Print Sources

How to talk about it in class:

Your students may not know to go look for a book. Let them know the advantages...

  • Bibliographies
  • Tables of content and indexes
  • More in depth coverage or analysis of a topic
  • More data and statistics from more than just one study

And the disadvantages...

  • Articles that appear in journals and are reported upon in newspapers and magazines are the most recent scholarship on a topic whereas books may synthesize a body of scholarship and take longer to write and publish

Information for AIs:

Some AIs like to require that students find something in print in the library - physically. I understand. Here is why I discourage it:

  • The Libraries receive a great deal of content electronically rather than in print. If we have the option to get a journal electronically rather than in print, we will go with the electronic subscription.
  • We currently receive very few US newspapers in print, but have access to thousands through databases such as LexisNexis and Library Press Display.
  • We have some popular magazines in print, but the vast majority are available through databases.
  • There are very few print periodical indexes. Instead, databases serve as those indexes, pointing researchers to the sources on their topic and in many cases providing the full text of that source as well.
  • If you want them to use print articles, keep in mind that this frequently means students end up focusing more on the format than the content. For example, if they find a useful article and it is only available through the database and not in print, they just skip it and go through the results list until they find any article that meets the print requirement.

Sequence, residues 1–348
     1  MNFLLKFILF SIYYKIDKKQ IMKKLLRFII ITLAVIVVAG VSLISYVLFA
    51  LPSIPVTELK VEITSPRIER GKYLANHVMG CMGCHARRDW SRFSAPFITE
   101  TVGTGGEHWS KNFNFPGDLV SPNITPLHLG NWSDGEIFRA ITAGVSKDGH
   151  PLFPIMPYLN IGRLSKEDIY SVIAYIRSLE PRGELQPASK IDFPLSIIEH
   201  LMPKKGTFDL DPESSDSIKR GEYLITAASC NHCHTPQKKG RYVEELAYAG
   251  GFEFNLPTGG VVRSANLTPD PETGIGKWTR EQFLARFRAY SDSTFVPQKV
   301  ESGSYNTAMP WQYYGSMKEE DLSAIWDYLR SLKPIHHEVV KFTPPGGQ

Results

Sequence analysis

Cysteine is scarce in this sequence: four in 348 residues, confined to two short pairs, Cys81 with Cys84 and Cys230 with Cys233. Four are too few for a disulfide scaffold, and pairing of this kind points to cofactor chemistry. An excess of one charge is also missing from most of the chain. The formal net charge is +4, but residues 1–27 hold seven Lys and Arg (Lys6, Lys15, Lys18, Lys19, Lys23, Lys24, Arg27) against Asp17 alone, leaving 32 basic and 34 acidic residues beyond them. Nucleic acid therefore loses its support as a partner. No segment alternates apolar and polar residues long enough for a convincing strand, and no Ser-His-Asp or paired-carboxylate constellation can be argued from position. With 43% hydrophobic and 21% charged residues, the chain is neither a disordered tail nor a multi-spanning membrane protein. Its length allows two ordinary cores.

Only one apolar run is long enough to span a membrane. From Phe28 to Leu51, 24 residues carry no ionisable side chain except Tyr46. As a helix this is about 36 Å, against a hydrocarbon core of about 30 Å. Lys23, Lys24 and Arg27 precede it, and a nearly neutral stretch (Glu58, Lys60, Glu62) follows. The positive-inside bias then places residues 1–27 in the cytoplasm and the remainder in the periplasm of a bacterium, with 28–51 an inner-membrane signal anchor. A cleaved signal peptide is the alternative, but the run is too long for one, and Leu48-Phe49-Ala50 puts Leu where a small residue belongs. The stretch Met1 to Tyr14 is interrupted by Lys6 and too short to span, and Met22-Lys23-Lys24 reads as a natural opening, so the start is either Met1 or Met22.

Effective ways to get your students to use print collections:

  • Require a print book for unit 3 when students are moving beyond viewpoints to find evidence to support the position they are advocating. They can mine books for facts as well as viewpoints. One thing to keep in mind, though, is that the Libraries also subscribe to hundreds of thousands of e-books.
  • Have them pick up a magazine or newspaper, even if it is the Daily Texan. Seeing where articles appear in a print publication allows students to see context and determine how important that publication thinks a topic, issue or event is.

Assignments, Activities and Resources:

Resources:

  • Library Catalog: searches the print collections of the UT Libraries (as well as e-books, DVDs, CDs, etc.)
  • GoogleBooks: excellent as a discovery tool. This will allow them to search inside the content of a book for their particular controversy. If the full text of the book isn't available in GoogleBooks (for example, if there is only a limited preview available) or they want the book in print, they can then search the Library Catalog for the title of their book.
    • TIP: If a book the Libraries own is available either as a limited preview or full text in GoogleBooks, there will be a link to it in the full record for the book in the Library Catalog.

Activities:

  • Find a book: Show students how to search for books on a topic in the Library Catalog, using Google Books as a discovery tool if you so choose. Then ask them to find a book themselves in the library. To do so, you may assign this find books exercise or simply require a book as a source in their bibliography.